A cross-party committee of UK parliamentarians last week sparked a chorus of demands for the government to introduce a moratorium on “…pesticides linked to bee decline”.
There is peer-reviewed scientific work that links the neonicotinoid family of pesticides to declines in pollinators in agricultural environments. Environmental Audit Committee (EAC) chair Joan Walley MP (pictured, inset) accused the environment agency DEFRA of being “…extraordinarily complacent…” in its approach to protecting bees.
She went as far as to say that: “DEFRA ministers have refused to back EU efforts to protect pollinators and can’t even come up with a convincing plan to encourage bee-friendly farming in the UK.” Other member states – France, Germany Italy and Slovenia – have already banned the use of some neonicotinoids: the EAC is calling for “…a moratorium on pesticides linked to bee decline to be introduced by 1 January next year.”
Friends of the Earth bees campaigner Paul de Zylva welcomed the EAC findings: “MPs have hit the nail on the head. The government needs to act urgently to address the threat posed to bees by pesticides and other key factors such as habitat loss.” He chided the government for its complacency and inaction: “What else are they waiting for?” The FOE campaign is asking supporters to add their names to an open letter to the government.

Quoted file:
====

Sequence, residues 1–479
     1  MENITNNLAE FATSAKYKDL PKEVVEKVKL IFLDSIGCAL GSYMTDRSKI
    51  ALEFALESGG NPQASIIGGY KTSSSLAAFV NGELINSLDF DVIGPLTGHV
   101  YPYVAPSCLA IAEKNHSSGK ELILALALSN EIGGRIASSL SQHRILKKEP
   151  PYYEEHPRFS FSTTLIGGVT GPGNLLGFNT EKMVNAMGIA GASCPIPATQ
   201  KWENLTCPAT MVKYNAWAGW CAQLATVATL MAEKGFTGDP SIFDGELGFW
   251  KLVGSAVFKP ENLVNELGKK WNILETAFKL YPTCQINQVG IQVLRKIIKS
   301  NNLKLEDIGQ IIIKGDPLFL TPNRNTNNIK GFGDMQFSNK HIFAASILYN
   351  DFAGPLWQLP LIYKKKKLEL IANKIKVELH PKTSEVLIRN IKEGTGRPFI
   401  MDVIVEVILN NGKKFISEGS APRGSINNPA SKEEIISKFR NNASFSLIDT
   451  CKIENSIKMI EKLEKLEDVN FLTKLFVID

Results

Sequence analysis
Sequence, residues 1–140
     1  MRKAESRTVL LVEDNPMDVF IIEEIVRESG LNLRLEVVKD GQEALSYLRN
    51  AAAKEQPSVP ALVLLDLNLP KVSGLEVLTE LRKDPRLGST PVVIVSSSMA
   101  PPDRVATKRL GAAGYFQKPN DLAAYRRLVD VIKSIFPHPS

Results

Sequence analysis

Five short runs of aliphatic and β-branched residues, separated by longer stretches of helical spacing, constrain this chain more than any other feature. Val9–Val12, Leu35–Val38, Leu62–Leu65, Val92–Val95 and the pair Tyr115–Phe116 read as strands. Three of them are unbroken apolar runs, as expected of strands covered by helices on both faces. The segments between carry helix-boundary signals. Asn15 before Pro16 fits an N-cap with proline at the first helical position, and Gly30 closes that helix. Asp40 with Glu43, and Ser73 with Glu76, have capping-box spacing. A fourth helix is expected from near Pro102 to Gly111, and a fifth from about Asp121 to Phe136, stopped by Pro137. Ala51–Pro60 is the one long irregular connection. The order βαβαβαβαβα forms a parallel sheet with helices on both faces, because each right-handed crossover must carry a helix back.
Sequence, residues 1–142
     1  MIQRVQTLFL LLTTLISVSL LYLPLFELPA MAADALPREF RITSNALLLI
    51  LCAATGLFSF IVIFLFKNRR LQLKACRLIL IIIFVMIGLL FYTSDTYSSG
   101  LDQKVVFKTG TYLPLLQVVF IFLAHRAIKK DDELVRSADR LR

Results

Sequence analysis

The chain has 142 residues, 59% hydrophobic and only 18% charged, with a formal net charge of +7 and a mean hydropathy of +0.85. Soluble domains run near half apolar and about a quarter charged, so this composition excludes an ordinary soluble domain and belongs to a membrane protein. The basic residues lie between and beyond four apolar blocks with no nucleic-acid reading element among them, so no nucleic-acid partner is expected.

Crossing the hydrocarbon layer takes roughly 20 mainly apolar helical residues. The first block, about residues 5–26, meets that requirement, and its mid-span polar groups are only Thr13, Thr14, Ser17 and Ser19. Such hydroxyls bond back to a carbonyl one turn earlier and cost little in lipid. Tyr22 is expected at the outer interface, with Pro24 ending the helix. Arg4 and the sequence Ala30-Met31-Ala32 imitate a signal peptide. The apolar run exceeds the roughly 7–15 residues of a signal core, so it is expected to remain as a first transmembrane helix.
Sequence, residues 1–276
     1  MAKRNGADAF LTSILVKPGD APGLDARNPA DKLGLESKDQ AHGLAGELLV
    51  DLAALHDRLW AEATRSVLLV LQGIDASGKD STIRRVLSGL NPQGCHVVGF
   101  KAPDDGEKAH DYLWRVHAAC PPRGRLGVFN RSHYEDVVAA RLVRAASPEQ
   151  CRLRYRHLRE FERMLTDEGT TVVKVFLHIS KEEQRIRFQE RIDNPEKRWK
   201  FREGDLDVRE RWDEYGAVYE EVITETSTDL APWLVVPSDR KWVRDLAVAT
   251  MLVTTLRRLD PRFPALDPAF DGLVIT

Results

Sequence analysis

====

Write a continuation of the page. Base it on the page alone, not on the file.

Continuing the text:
Soil Association head of policy Emma Hockridge also welcomed the EAC findings: “This report is another nail in the coffin of the Government’s position not to support the ban on neonicotinoid pesticides.”
She found the seemingly wilful deafness of DEFRA to scientific evidence appalling: “First, European expert scientific advisors have called for a moratorium, then the European Commission, and now this all-party House of Commons committee. Surely Defra Secretary of State Owen Patterson must now realise that he can’t be right and all these experts wrong? It is time he stood up for the bees, not the chemical companies.”
Pesticide Action Network UK director Keith Tyrell pulled no punches in his condemnation of DEFRA. “Today’s report is a damning indictment of DEFRA, who have hitherto chosen to bury their heads in the sand when it comes to neonicotinoids and bees.”
Tyrell is forthright in his call for a moratorium: “The scientific case for a ban on neonicotinoids and the promotion of alternative and sustainable methods of pest control in UK agriculture is irresistible.”
Environmental Justice Foundation executive director Steve Trent added: “The scientific evidence of the impacts of neonicotinoids was already overwhelming. But this new report by the House of Commons Environmental Audit Committee is also a powerful critique of DEFRA’s interpretation of the precautionary principle for economic rather than environmental protection.”
DEFRA’s arguments are intellectually threadbare, Tyrell contends: “They have cited lack of evidence as a reason to abstain. I sincerely hope [the EAC] report will put a stop to DEFRA excuses. They can and must defend bees, other insect pollinators and their natural ecosystems, in order to safeguard UK agriculture and our food security.”
As reported on this website recently, DEFRA’s own recent FERA study is neither peer-reviewed nor did the have a robust control group. Hardly a cause for complacency.